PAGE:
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Sammi Kinghorn talks loosely

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Sammi Kinghorn talks loosely

Today on Loose Women, new Countryfile presenter and Paralympic athlete Sammi Kinghorn and her father Neill opened up about an accident on their family farm, which left Sammi paralysed from the waist down. 

Speaking to Ruth Langsford, Coleen Nolan, Janet Street-Porter and Linda Robson live in the studio, Sammi explained what happened on that fateful day: “I sort of remember it as though it was yesterday, it’s sort of something that literally seems like yesterday. It was the 2nd December 2010 and we had more snow on the farm than I’d ever seen before. 

“Dad was really struggling, animals were dying, nobody could get out of their homes. Me and my friend had got snowed in so I was thinking, ‘Oh my god this is the best, my exams are cancelled, I was thinking fantastic’.”  

She continued: “And [Dad was] driving a forklift down the road and we were just out helping. I was fourteen years old and thought it would be funny to start walking in front of my dad, putting him off his job. You were beeping your horn and kind of laughing and we were both having a joke and you thought I stepped off to the side but decided to jump on to part of the forklift, something that I’d never been told to do. I’d always been told not to touch it, not to go near it, so I still have no idea why I thought that was a good idea but unfortunately, I did. 

“I remember the pressure on the back of my neck and feeling my back go and thinking, ‘Oh my goodness’.” 

Opening up on the ordeal, Neill explained: “I didn’t know what had happened until well later on that day, at the hospital actually, because she just appeared in front of me, she seemed to find the energy to get off the machine. The first thing I knew, she was lying in a pile of snow in front of me. I thought,’Where did she come from?’ so it was later on that we started to get information back from Samantha, when she was in and out of consciousness, what she’d done and that just… ‘What have I done?’.”  

On being in a wheelchair from the age of fourteen, Sammi said: “To start with, I genuinely thought I was going to be stuck in bed forever because I’d never seen anyone in a wheelchair so I started to plan my life in bed. I thought, I’ll do an online uni course, maybe I’ll invent something to help people that are stuck in… I don’t know what I thought I was going to do but I was very aware this was my consequence for something that I’d done and my dad couldn’t even look at me for days… 

“My mum was just constantly crying when she looked at me so I thought I need to pull up my big girl pants and get on with this. So I was sort of trying to plan my life and then I was given a wheelchair for the first time and I remember thinking, ‘This is so much better than being stuck in bed’ because obviously it’s disabled equipment but it enabled me to get out of bed.”  

The decorated Paralympian also told the Loose Women: “I never wanted to be a sportsperson growing up, I loved animals and wanted to be a Zoologist growing up, but when I went to the Spinal Unit Games, I got to try out every single sport and I couldn’t believe all these sports that could be adapted. I remember them taking me down to try athletics and I remember thinking, ‘I can’t run, I don’t know what you’re expecting me to do?’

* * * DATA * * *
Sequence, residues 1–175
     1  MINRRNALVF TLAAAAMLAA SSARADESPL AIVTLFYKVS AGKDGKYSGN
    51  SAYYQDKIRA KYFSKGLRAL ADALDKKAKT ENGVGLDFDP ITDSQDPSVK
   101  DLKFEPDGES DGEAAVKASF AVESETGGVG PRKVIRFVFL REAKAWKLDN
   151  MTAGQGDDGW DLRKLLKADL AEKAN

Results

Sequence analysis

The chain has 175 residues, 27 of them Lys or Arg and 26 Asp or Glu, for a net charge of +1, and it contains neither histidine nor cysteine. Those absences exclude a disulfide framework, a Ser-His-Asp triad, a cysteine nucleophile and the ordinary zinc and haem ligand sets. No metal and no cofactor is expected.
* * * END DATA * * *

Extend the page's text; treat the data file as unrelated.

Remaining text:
“And seeing a girl go round in a racing chair and just being speechless, she was strong and she was powerful and she was overtaking runners and I remember thinking, ‘I’m going to be better than I was before, that’s what I want to do’. And just straight away I was mesmerised.” 

However, Sammi and her dad admitted it took hard work and determination to get to where she is now: “I had to go to my mum and dad and ask for £6000 to buy a racing chair!” 

Neill added: “Yeah, that was an ordeal… Then it was trying to find a coach, because disability sport hadn’t taken off then, and coaches that were equipped to train a disabled athlete was very, very hard. Whereas after London [2012 Paralympic games] things have got better and there’s more coaches are out there willing to train disability athletes.”  

Neill also opened up on his daughter’s achievements since the accident: “It’s amazing what she’s achieved, I still get a lump in my throat just watching any finishing line but when she does it at the World Championships, that’s just pride.”  Sammi is looking forward to the Paris Paralympics this year and revealed that to be selected for Britain, “you’ve got to be top five in the world so it’s very hard to be selected”. 

Sammi also explained how she came to present Countryfile: “I just got a phone call like, ‘Is this something you’d like to do?’ I was just like, ‘Are you joking?’

“I had no experience, I had no idea but honestly I think I could listen to anybody as long as they’re passionate enough and it’s just amazing. It’s something that I was brought up watching with my dad so I find it a bit strange when I’m on it, especially to watch the weather, that was always the big one. It’s amazing and presenting is something that I love doing and would love to do more of.” 

Loose Women airs weekdays from 12:30pm on STV, ITV1, STV Player and ITVX

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